The time-tested tactic used by Republicans to deflect attention from their most unpopular positions — especially on Medicare, Medicaid, Social Security, and taxes — is to cry “class warfare,” as if the workers were laying siege to the citadels of finance. It is a complaint that distracts from substantive debate and disguises the real vector of aggression against middle-class and low-income Americans over the past 30 years.
That old style of misdirection has gone stale, thanks to the emergence of audio and video clips that feature prominent Republican candidates voicing their true views… in private, of course. Caught on tape during those fleeting moments, they reveal intentions that they clearly believe most voters should never hear.
Mitt Romney’s ugly unguarded blather at a $50,000-a-plate fundraiser in Boca Raton — where he expressed scorn for the “47 percent” who supposedly pay no taxes, glom onto entitlements, and consider themselves “victims” — instantly became notorious when Mother Jones released a pirate videotape that went viral. His harsh (and highly inaccurate) words confirmed negative public opinion about him personally. But there is no shortage of fresh evidence, very little of which has received commensurate attention, that Romney’s remarks reflect core attitudes among the elite in his party.
Consider the audiotaped speech delivered by Romney’s running mate, Paul Ryan, when he appeared several years ago to pay homage to the late author Ayn Rand at a meeting of her acolytes in the Atlas Society. Although the Wisconsin congressman now insists that he disdains Rand, mostly because of her atheism, he can be heard on tape saying that he measures every important vote according to whether it advances her ideology of selfishness. He denounces Social Security and Medicare, which he constantly promises to “save” and “protect” in public, as “collectivist” schemes that violate individual freedom.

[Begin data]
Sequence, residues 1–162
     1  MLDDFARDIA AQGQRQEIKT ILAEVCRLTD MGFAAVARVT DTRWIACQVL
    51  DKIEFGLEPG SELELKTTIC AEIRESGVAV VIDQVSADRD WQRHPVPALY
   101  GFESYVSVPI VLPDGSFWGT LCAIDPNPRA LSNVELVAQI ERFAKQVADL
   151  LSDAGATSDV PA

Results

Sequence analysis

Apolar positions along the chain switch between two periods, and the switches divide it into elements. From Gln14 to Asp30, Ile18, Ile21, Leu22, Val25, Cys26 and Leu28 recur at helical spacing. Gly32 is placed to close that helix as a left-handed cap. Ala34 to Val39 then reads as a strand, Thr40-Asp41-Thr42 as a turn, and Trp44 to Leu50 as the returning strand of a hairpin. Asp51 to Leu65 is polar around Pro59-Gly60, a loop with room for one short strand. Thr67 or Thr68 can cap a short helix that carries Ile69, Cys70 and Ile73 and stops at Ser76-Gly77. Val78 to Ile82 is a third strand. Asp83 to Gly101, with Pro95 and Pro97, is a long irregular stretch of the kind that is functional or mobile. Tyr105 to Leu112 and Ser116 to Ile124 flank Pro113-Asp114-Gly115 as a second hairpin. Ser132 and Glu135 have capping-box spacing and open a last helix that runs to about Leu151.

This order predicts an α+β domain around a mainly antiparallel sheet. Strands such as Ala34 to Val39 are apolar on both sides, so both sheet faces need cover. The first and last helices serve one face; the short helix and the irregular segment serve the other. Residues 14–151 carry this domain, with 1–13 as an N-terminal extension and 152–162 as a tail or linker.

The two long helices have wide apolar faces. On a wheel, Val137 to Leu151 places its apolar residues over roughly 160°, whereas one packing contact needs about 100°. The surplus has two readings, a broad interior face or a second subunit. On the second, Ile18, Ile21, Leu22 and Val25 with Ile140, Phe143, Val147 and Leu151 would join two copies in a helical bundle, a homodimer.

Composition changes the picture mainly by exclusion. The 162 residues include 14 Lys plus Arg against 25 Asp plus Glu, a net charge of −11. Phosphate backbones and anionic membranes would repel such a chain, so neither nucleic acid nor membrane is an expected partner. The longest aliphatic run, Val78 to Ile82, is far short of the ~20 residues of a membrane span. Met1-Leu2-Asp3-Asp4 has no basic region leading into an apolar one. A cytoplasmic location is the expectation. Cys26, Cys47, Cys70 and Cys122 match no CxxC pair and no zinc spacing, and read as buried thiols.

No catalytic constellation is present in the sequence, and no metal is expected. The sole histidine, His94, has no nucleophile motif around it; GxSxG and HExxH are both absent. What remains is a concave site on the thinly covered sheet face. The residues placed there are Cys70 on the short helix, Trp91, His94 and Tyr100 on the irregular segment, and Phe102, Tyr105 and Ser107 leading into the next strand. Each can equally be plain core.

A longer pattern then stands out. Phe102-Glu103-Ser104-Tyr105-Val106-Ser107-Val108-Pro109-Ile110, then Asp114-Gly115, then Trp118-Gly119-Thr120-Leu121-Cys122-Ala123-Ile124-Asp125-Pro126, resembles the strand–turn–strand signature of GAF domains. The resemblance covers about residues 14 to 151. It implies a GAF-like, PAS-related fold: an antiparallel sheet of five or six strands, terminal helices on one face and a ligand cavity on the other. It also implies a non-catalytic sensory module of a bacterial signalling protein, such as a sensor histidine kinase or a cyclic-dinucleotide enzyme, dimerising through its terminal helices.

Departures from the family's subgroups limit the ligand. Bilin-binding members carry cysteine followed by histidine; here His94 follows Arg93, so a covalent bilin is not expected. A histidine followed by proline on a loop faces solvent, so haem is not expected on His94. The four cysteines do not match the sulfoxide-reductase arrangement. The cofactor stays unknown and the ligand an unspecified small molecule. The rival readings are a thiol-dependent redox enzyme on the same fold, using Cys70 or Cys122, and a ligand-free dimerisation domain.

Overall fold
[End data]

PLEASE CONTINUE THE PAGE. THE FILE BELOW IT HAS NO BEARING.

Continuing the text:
Or consider Tommy Thompson, the former Wisconsin governor and Secretary of Health and Human Services now running for the U.S. Senate in his home state. Appearing before a Tea Party group several months ago, Thompson offered a boast. “[W]ho better than me, who’s already finished one of the entitlement programs” — by which he meant welfare reform — “to come up with programs to do away with Medicaid and Medicare?”
Around the same time, Linda McMahon, the World Wrestling Entertainment tycoon and Republican candidate for an open Senate seat in Connecticut, told a Tea Party outfit that she wants to “sunset” Social Security, which means in Washington jargon that she wants a chance to kill it. Surely that would come as a very unpleasant surprise to the working taxpayers who have underwritten the program for decades as a pillar of their retirement.
Obnoxious, offensive, extreme — such blurted gaffes used to be heard mainly from the likes of Rush Limbaugh, who need not worry whether he can win over a majority of the electorate. But the advent of the Tea Party, with its far-right agenda and insistence on purity, has given full voice to the GOP’s core crankiness. These are people who proudly pour vitriol on families surviving through unemployment and food stamps.
Naturally, Republican worthies like Ryan, Thompson, and McMahon protest, usually via paid spokespersons, that they would never, ever damage America’s most vital programs, and that their empathy for the struggles of the middle class is boundless. Amazingly, they seem to think nobody heard what they candidly told their Tea Party supporters. And if anyone mentions those embarrassing tapes, they will scream ” class warfare.”
It just may not work this year.
Photo credit: AP/Al Behrman